People really need to understand that the overwhelming majority of refugees and migrants seeking asylum in Europe left their home countries because they felt they had no choice. I spoke with many parents who said they would never have put their children through the grueling journey to and through Europe unless there was no other way to ensure their safety. Photos can (do) prove just that. They can help to humanize people and undercut some of the harmful stereotypes. They also help show a range of emotion and personal narratives of children and families on the move, making them relatable to the global public. Take Roger Lemoyne’s work. I’ve always been impressed by the sensitivity and care which he takes when approaching people and situations on the ground. His images suggest that he has established a level of trust with the people he photographs – enabling him to capture authentic moments.”
Sonja Kuiten, volunteer
“You don’t put children on these kinds of boats unless the water is safer than the land. Photographs can help make the international audience relate to the refugees, understand that they are just normal human beings, doing what we all would – flee – if we found ourselves confronted with mass violence. Roger’s photographs tell that story, one that needs to be told all over the world since it’s not a crisis only affecting the Middle East, or Europe; it’s a problem we all need to address. Still, there were moments when I found the press annoying because some were standing in the way when we were trying to administer help to the newcomers, or would not respect their need for privacy. It’s a bit of a love-hate relationship.”
Dr. Jen Bagelman, Temporary Assistant Professor University of Victoria
“Global refugee crises are often described in terms of ‘flows.’ What does this word imply? A steady stream, perhaps. When we look at the numbers of people forced to flee their homes we certainly witness shockingly steady increases. But steady is not the word that hits me when I look at Roger Lemoyne’s photos of people crossing the choppy Mediterranean Sea by dinghy. I see precariousness. I see a journey that is erratic, tumultuous and one that is on the edge of death.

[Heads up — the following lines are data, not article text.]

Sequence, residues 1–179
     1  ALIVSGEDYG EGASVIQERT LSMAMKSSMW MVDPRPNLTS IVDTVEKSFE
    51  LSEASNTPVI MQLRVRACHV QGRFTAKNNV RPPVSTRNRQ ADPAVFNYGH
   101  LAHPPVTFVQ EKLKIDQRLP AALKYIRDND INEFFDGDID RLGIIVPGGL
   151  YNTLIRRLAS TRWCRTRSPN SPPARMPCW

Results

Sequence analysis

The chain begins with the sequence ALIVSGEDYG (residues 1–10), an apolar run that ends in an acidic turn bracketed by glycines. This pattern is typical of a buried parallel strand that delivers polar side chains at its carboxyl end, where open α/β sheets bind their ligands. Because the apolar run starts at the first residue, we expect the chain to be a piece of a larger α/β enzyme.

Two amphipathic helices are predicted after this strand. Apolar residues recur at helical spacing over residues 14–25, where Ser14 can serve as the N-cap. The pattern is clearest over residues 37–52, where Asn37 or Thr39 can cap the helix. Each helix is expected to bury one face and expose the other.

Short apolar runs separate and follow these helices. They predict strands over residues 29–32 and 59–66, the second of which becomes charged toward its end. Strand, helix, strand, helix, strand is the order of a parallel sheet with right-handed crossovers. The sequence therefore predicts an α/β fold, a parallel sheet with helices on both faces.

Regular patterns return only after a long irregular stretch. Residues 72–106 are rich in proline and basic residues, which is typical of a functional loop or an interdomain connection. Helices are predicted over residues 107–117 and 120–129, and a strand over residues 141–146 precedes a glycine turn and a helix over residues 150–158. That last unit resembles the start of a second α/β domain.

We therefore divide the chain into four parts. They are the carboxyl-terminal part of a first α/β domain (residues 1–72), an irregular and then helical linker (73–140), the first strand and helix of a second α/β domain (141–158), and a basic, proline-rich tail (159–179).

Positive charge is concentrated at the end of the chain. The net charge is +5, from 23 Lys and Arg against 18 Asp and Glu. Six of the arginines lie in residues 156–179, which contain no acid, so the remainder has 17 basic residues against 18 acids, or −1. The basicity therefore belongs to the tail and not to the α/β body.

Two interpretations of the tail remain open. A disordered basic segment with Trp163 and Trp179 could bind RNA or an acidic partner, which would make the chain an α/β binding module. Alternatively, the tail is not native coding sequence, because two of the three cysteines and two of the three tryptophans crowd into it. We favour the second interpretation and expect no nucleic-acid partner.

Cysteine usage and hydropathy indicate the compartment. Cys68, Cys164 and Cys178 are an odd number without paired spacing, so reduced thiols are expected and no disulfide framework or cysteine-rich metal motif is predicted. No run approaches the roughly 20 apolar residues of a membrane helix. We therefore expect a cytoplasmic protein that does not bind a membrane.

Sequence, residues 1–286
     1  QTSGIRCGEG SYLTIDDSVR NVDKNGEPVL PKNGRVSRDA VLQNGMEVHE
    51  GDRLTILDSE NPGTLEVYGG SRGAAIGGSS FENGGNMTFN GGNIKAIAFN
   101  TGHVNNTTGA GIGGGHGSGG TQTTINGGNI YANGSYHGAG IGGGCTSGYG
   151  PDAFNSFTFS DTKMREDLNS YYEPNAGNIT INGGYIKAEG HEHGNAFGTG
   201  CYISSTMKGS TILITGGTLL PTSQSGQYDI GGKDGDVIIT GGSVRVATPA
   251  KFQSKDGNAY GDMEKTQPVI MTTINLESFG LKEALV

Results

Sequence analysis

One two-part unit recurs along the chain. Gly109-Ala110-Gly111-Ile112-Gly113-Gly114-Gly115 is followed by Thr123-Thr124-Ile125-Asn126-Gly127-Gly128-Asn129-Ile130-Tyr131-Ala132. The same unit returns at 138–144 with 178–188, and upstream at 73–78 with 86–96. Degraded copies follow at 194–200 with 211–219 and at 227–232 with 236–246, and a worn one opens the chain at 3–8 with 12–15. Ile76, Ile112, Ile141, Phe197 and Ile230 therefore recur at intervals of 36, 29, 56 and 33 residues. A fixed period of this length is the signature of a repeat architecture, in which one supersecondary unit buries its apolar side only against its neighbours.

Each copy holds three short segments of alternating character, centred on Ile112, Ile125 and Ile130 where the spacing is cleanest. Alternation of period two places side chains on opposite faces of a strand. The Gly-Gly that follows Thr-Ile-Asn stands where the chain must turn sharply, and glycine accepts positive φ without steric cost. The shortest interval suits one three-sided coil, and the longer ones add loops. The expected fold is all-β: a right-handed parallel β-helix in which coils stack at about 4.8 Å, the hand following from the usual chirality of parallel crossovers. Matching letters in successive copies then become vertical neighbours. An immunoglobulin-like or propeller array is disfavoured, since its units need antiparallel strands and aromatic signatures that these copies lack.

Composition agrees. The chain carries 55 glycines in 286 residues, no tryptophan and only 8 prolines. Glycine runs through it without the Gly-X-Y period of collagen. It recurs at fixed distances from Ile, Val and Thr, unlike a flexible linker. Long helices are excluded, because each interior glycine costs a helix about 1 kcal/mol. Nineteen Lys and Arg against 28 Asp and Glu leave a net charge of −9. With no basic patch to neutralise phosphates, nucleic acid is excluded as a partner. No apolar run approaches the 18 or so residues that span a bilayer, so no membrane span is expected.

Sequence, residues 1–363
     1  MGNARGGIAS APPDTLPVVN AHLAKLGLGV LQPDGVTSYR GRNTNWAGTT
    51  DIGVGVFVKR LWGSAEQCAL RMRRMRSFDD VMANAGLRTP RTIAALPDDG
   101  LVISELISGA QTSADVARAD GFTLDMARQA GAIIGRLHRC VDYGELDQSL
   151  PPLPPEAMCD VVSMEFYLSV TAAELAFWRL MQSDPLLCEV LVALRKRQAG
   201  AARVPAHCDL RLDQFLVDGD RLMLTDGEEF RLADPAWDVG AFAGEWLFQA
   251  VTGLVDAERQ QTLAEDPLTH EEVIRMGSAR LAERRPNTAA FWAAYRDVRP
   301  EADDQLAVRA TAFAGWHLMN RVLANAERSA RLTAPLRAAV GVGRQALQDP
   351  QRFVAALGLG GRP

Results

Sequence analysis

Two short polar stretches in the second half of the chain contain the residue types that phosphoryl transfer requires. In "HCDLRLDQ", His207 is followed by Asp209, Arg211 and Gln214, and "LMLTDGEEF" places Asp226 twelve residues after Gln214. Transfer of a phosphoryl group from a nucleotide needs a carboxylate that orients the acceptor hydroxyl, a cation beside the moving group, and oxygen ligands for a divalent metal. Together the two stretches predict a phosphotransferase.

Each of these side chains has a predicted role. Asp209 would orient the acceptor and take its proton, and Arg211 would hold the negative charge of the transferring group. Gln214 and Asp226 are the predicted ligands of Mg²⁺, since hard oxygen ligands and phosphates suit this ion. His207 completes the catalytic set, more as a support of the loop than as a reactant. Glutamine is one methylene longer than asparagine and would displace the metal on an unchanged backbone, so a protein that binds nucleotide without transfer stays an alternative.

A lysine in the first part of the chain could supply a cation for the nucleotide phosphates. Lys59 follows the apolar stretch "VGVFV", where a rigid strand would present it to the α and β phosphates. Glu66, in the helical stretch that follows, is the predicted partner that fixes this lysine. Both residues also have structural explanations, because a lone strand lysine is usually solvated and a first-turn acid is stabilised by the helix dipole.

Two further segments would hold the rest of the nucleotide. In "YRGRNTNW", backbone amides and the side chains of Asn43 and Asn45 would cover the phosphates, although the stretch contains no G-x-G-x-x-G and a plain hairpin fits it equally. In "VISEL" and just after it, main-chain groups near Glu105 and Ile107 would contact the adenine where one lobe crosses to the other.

In these images I also see life. While the stark black and white pictures certainly speak to the horror of global refugee crises they do more than that. Photos like the one of the girl smiling coyly over her shoulder or the one of the man standing shirtless but strong on the beach capture something of the resilience and incredible spirit of people moving under precarious conditions.
For those pictured in this series fortunate enough to arrive in Europe we see that their journey does not end. Land provides no permanent reprieve from the uncertainty at sea. After setting foot on the Greek island of Lesbos, asylum seekers must keep moving. Carrying suitcases containing precious objects from home their trek continues. People are shuttled onto trains, buses. And then…they are forced to wait. We see in these photos the endless line-ups at reception and registration centers. Here people wait in vain for a right to remain. These bitter cold images puncture the illusory mainstream narrative of the warm ‘destination’, the ‘arrival home.’
More than a million asylum seekers have entered Europe since October 2015. The images here remind us that many have not and will not. For instance, the scene with the Iranian men protesting refused asylum in Macedonia exposes the intense selection processes being exercised. Media, especially in Canada, continues to focus attention on the Syrian refugees who, to a certain degree, are being welcomed in Western countries. We hear little of those asylum seekers from other places who are left on the outskirt of the barbed wire with only the option to suture their lips shut as if to shout ‘I have no voice!’
These photos show that even under incredible pressure, asylum seekers are still taking political voice. They are also taking selfies. We see here how technology is shifting the asylum landscape. Cellphones connect people in an unprecedented and immediate way. In addition to connecting loved ones, digital devices are linking those who are strangers by name, but united in struggle. Mapping tools are being tactically used to identify preferred routes of passage, to inform those who are still yet to come.
As much as these photos reveal, blind spots inevitably remain. Where are those profiting from these crossings – the smugglers, the private companies and governments ‘hosting’ refugees? And where are we: the consumer of these images? To turn the gaze towards culpability and complicity rather than victimhood: what would this look like? Would we be willing to see?”